With 60% of Victorians identifying as religious (2016 Census), it’s important to understand how to reach and engage with faith communities to help prevent violence against women and family violence.

The learnings from this webinar include:

  • An inside look at Faith Communities Supporting Healthy Family Relationships – the multi-faith project examining the drivers and contributors to violence against women in faith settings.
  • An understanding of the key principles to consider when working in faith settings.
  • Strategies on how to engage with faith leaders and build their capacity to prevent violence against women.

Approaches and best practice principles to address the drivers of violence against women within a faith setting.

The resources referenced in this webinar include:

  1. Vaughan, C., Sullivan, C., Chen, J., Vaid Sandhu, M. (2020). What works to address violence against women and family violence within faith settings: An evidence guide, Parkville: University of Melbourne.
  2. Vaughan, C., Sullivan, C. (2019). Technical paper: Faith communities supporting healthy family relationships,Parkville: University of Melbourne.
  3. Tip Sheet: Faith Communities Addressing Violence Against Women and Family Violence – What Works, University of Melbourne and Multicultural Centre for Women’s Health
  4. How to talk to your church about violence against women: A communications Guide for Leaders. Anglican Diocese of Melbourne
  5. Transforming Masculinities: A training manual for Gender Champions. Tearfund, 2017
  6. SASA! Faith: A guide for faith communities to prevent violence against women and HIV. Raising Voices, 2016


Dr Cathy Vaughan, Melbourne University

Cathy currently leads research on the role of settlement and multicultural services in responding to violence against women; the Australian arm of a multi-country study on sexual and gender-based violence against refugees; and research on building the capacity of faith leaders to prevent violence against women. She also co-leads the kNOwVAWdata course to strengthen capacity to measure violence against women in Asia and the Pacific, conducted by the University in partnership with UNFPA. She is Director of the WHO Collaborating Centre for Women’s Health hosted by the Gender and Women’s Health Unit at the University of Melbourne.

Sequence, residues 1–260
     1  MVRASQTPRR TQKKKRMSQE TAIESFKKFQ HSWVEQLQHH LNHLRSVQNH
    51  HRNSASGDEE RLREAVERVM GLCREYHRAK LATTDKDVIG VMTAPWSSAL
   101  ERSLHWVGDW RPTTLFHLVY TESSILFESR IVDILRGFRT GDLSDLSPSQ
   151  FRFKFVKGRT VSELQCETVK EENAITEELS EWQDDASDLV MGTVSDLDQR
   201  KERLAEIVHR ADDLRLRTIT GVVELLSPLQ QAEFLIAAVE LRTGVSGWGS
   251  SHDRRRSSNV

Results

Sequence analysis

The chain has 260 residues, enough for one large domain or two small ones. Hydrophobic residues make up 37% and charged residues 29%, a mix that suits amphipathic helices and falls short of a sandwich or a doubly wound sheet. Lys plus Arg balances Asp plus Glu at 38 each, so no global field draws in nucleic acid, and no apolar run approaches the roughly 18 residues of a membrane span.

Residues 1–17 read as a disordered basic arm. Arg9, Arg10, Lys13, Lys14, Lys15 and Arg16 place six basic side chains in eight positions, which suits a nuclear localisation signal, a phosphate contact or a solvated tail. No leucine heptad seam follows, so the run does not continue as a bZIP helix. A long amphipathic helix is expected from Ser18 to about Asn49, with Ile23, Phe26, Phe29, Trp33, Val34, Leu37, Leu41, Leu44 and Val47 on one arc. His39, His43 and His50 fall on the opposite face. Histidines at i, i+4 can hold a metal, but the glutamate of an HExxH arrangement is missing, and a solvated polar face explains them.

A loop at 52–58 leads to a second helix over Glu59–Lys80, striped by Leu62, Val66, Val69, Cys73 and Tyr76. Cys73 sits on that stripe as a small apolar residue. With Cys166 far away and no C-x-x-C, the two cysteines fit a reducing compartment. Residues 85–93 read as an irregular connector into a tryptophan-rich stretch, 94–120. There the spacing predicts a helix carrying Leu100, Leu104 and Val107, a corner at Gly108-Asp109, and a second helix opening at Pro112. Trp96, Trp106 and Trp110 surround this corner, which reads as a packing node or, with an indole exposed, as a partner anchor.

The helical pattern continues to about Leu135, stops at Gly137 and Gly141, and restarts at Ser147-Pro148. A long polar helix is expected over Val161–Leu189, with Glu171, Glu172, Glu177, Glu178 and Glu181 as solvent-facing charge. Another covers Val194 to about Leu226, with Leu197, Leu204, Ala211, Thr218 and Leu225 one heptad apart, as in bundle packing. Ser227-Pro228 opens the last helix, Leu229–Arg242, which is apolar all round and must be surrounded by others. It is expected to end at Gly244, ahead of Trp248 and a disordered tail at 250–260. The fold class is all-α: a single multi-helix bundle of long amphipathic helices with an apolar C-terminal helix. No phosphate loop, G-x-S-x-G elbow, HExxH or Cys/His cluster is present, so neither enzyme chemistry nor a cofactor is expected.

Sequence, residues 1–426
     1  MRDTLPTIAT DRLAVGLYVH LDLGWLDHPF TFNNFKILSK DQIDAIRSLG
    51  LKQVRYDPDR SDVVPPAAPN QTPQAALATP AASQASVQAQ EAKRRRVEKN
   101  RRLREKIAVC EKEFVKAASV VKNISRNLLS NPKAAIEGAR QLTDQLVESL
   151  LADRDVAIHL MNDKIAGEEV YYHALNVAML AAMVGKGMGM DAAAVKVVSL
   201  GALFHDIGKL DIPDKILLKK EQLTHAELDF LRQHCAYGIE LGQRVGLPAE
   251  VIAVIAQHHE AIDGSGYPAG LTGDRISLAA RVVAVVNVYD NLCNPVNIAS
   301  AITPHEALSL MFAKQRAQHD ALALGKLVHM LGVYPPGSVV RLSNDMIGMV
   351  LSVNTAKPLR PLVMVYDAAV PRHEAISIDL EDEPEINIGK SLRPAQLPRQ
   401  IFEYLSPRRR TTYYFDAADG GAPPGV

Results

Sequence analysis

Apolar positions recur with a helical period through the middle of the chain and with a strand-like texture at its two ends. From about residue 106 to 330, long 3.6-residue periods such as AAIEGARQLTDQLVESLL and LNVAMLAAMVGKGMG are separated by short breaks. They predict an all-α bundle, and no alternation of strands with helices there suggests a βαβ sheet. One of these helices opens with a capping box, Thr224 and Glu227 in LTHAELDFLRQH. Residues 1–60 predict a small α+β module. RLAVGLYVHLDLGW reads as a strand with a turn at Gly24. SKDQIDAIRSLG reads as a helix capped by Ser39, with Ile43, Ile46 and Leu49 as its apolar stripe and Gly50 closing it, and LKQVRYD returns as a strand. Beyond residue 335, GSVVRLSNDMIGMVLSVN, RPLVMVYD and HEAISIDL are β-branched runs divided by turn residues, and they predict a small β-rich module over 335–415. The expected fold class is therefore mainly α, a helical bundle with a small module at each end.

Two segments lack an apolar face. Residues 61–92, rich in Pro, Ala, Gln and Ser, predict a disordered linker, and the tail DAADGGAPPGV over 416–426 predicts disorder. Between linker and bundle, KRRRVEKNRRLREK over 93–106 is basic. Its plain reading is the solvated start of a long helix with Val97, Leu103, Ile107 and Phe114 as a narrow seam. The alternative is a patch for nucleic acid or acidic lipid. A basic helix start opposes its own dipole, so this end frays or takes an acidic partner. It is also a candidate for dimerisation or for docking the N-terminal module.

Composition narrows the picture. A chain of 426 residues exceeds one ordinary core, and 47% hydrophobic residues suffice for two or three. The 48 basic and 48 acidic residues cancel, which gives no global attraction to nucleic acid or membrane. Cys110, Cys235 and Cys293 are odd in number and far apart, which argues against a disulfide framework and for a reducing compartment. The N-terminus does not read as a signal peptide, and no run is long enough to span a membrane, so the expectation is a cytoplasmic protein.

Robyn Andréo-Boosey, Anglican Diocese

Robyn manages the Anglican Diocese of Melbourne’s Preventing Violence Against Women Program and is co-founder and co-director of IC Change, a volunteer-led campaign urging the UK Government to ratify the Istanbul Convention on violence against women. Her background is in international development, gender equality, tackling violence against women, and human rights. She has worked on preventing violence against women in policy and operational roles with a range of organisations, including the United Nations Office of the High Commissioner for Human Rights, Rape Crisis England and Wales, and the international Christian alliance to end violence against women, Restored. Robyn is particularly passionate about equipping the Church to play its part in tackling violence against women.



Resource details

Resource type: Video
Duration: 1:12:27